Theosophical Society Organization advancing theosophical thought

The Theosophical Society was an organization formed in the United States in 1875 by Helena Blavatsky to advance Theosophy. The original organization, after splits and realignments, currently has several successors. Following the death of Blavatsky, competition within the Society between factions emerged, particularly among founding members and the organisation split between the Theosophical Society Adyar (Olcott-Besant) and the Theosophical Society Pasadena (Judge). The former group, headquartered in India, is the most widespread international group holding the name "Theosophical Society" today.

When the Theosophical Society split in 1895, Dunlop became a member of the Theosophical Society in America, where he at intervals functioned as secretary to its president, Katherine Tingley, At the end of 1899 he resigned from the Theosophical Society in America, or was perhaps, expelled, the documentation being unclear on this point, [5] and joined the Theosophical Society Adyar in London. He published many articles in the "Theosophical Review" and "The Vahan". In 1909 he initiated the Summer Schools, regular international meetings with theosophical lecture cycles and events where participants got to know one another more intimately. In 1910 he founded the Blavatsky Institute in Manchester in the same year, together with Charles Lazenby, the magazine "the Path". [6] He also founded his own theosophical lodge under the auspices of the Theosophical Society with the name "Light on the Path" and became its president.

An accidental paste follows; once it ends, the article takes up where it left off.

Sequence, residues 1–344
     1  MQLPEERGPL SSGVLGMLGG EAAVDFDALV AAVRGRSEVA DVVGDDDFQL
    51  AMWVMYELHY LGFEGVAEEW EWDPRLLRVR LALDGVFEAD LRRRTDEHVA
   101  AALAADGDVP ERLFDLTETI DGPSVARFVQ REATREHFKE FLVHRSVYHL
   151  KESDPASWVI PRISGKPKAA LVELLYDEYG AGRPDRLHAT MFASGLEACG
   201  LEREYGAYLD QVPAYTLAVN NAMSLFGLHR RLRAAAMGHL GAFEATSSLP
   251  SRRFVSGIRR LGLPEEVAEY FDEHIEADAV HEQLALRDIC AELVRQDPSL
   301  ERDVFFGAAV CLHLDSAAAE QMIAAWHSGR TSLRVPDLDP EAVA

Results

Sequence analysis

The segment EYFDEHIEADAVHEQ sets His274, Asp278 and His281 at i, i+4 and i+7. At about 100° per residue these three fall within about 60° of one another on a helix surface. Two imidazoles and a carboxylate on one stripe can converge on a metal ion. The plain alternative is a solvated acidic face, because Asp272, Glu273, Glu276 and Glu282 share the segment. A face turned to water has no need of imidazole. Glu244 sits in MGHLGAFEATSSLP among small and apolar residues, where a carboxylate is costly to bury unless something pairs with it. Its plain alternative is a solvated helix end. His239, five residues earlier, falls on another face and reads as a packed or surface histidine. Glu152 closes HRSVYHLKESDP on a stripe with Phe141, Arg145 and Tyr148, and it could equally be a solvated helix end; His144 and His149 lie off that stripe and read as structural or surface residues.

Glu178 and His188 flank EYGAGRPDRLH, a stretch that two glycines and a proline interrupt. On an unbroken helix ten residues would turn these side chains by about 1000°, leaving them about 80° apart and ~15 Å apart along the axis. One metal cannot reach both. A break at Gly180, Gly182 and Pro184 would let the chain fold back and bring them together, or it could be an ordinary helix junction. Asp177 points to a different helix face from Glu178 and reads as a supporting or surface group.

Katherine Tingley American theosophist

Katherine Augusta Westcott Tingley was a social worker and prominent Theosophist. She was the leader, after W. Q. Judge, of the American Section of the Theosophical Society. She founded and led the Theosophical community Lomaland in Point Loma, California.